Television is also a great tool! Telenovelas can help with thinking in Spanish if you, again, don’t try to translate. Just watch, fall into the story and absorb the action as naturally as possible.

Watching authentic Spanish can be tricky, though, especially if you don’t understand everything you hear. Because of that, you should aim to watch with subtitles. You can also start first with shorter Spanish videos, which you can easily find online, though it’s not always guaranteed that they come with accurate captions.

Another resource for learning with authentic media is the language learning program FluentU. It takes bite-sized Spanish videos and combines them with interactive subtitles that explain the vocabulary used, and these captions can be turned on and off at any time. You can review the words you learn with multimedia flashcards and personalized quizzes that accept both spoken and written input.

With Spanish media, you can immerse yourself in the language and make your studies both challenging and engaging. Once you find content that interests you, it can be much easier to actively incorporate Spanish into your daily life.

4. Try Writing in Spanish

Journaling will help you transition from translating to thinking. Every morning and/or evening, write about your day in Spanish. Writing thoughts out means you’ve got to think—if you’re writing in Spanish, you’re thinking in Spanish.

Another writing exercise that encourages thinking in Spanish is sharing thoughts old-school with a pen pal. Writing to a native Spanish speaker not only forces you to think in Spanish, it’s also a great way to pick up cultural references and social nuances.

Remember, don’t translate the letter—write it naturally, thinking of what you want to say as you’re writing. Again, keep a Spanish dictionary at your side if you’re lost for words.

5. Put Your Social Media in Spanish

We’re all attached to social media, so it makes sense to use it to ramp up every available language opportunity. Set all your apps and browsers to their Spanish language mode so no English shows up.

Once you’ve done that, start browsing and clicking like a Spanish speaker. Follow Spanish-speaking celebrities on Twitter, “like” Spanish-language pages on Facebook and start bookmarking some Spanish blogs.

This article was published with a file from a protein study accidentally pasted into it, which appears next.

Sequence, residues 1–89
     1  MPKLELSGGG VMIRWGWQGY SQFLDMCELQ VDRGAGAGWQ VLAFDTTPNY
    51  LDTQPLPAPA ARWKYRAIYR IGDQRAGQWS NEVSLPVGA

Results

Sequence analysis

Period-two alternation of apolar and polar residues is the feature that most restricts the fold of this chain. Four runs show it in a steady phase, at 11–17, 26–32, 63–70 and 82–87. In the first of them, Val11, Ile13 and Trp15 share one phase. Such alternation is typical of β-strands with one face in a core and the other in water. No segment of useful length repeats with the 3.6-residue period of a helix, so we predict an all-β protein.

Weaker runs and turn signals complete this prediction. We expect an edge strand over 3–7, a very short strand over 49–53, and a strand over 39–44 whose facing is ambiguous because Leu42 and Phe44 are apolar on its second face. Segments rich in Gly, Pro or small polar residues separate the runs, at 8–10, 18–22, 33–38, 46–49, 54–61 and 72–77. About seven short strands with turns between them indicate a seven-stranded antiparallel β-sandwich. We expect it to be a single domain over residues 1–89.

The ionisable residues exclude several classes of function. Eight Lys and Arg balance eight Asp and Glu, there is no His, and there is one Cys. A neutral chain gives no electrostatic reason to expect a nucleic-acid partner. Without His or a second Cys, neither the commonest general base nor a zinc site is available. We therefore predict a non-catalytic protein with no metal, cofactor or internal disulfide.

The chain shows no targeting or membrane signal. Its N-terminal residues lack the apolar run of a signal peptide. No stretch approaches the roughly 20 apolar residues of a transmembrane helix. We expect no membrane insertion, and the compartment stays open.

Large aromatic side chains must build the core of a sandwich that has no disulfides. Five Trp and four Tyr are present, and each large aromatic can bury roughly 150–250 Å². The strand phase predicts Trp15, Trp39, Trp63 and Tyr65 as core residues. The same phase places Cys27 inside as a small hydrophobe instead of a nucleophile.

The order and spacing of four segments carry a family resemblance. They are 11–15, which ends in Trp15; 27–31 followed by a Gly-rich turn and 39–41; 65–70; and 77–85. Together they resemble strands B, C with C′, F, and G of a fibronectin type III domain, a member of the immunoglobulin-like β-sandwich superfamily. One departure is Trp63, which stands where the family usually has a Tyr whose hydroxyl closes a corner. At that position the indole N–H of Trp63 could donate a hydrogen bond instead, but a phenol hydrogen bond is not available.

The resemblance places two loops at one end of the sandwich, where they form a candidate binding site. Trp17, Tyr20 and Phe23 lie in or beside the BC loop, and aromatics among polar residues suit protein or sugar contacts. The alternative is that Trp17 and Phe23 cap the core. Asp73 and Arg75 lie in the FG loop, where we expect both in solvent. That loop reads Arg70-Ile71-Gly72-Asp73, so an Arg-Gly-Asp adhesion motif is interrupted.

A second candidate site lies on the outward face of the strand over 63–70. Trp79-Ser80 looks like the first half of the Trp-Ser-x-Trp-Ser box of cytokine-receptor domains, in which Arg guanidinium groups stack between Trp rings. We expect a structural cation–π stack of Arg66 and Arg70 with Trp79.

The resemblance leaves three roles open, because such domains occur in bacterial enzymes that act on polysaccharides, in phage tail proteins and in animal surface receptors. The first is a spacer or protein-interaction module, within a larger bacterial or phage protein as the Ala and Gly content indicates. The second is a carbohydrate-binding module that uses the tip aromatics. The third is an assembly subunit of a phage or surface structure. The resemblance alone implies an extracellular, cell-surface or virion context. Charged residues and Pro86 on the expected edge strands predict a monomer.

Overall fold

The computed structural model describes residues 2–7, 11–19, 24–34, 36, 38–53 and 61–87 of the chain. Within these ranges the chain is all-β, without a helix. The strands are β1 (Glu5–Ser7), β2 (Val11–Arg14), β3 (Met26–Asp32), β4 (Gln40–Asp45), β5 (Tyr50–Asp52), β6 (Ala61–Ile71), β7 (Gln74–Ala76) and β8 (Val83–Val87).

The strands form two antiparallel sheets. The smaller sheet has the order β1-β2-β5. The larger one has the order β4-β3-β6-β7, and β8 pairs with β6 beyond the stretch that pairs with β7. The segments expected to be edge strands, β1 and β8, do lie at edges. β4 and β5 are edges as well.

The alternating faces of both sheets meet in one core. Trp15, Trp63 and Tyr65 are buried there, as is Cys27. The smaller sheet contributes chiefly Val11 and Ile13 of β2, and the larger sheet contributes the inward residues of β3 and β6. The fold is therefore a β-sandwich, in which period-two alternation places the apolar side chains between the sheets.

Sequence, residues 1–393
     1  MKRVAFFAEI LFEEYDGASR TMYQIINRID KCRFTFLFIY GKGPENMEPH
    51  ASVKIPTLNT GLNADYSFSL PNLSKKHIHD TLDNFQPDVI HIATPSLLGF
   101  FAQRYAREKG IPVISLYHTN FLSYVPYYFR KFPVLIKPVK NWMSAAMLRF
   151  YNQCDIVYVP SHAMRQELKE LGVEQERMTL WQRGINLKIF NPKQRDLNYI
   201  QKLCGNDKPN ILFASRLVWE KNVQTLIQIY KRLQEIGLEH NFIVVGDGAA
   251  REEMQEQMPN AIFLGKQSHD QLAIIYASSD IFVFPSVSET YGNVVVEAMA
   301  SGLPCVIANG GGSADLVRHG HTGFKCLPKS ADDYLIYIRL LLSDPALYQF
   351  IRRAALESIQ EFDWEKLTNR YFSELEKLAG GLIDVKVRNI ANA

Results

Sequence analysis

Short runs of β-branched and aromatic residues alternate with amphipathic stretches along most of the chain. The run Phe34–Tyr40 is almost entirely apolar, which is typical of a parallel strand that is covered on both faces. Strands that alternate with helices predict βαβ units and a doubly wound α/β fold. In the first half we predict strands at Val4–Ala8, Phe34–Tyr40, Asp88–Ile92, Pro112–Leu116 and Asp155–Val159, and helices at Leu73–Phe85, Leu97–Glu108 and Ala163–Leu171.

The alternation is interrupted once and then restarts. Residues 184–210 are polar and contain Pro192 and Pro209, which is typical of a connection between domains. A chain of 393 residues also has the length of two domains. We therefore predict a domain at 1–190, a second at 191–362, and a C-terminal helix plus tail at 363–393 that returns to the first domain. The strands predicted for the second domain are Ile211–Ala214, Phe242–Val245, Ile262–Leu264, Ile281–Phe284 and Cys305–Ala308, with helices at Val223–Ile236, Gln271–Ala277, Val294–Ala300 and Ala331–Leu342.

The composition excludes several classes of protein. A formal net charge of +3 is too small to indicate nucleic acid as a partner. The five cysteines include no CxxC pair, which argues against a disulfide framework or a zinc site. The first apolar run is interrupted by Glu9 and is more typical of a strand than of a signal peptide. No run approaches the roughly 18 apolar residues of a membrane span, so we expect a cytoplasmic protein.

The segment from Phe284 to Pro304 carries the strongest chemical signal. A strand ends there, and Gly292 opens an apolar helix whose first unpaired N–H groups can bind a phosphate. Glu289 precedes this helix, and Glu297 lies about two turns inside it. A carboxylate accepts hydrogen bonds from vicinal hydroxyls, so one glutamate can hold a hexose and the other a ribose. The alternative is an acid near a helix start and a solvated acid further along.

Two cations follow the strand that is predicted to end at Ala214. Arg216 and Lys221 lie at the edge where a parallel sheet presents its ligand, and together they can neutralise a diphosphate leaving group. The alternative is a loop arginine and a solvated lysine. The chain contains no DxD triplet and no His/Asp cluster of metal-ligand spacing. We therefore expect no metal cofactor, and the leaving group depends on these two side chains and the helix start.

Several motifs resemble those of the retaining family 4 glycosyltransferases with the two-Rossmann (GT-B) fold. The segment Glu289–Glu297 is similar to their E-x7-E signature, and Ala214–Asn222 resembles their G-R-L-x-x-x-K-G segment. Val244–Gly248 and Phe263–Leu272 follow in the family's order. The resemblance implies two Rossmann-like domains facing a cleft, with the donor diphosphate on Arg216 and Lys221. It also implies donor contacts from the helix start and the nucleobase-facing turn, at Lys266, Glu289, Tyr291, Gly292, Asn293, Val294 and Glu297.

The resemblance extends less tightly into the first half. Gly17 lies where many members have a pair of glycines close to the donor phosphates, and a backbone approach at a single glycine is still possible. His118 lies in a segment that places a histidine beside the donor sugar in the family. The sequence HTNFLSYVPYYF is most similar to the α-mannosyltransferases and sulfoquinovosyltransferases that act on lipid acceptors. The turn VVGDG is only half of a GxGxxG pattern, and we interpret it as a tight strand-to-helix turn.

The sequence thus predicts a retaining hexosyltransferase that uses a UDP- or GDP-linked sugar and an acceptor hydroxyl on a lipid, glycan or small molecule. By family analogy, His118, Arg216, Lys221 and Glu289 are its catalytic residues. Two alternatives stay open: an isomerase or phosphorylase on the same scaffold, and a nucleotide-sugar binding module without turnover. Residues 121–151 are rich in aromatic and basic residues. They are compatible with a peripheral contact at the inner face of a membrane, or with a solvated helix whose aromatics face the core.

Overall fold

Focus on language learning whenever you’re online. There’ll be time for funny cat videos later!

6. Talk to Yourself in Spanish

Talk to yourself out loud. Yes, that’s a valid way to begin to think in Spanish. Don’t translate—just talk! The more you use the language, the more likely it is that your transition to thinking will occur in an almost natural wave.

Name items in the house, on the street, in the market and everywhere else, keeping up a steady stream of Spanish in your head. Make tangible associations with phrases so they’re quickly remembered the next time you need them.

And when you’re writing your daily Spanish journal entry (see tip number four), try reading it aloud as well. Not only will this help keep your mind in Spanish mode, it’ll also give you some pronunciation practice.

7. Be Patient with Yourself

Thinking in Spanish—or any foreign language—is a process. It requires intentional, mindful training.

It won’t happen overnight, but if you’re serious about it and apply some of the exercises above, it can happen. Then, you’ll be daydreaming in Spanish—and eventually, dreaming at night in Spanish, too.


Bilingual speakers code switch, which means that according to the situation, they move between languages. Code switching shows it’s possible to think in more than one language.

The switch is possible—and it’s also achievable to mimic that ability even if you’re not a heritage speaker.

These tips for controlled thinking should get you automatically thinking in Spanish sooner than you might… think! From there, you’ll be well on your way to learning how to speak Spanish fluently.

¡Buena suerte! (Good luck!)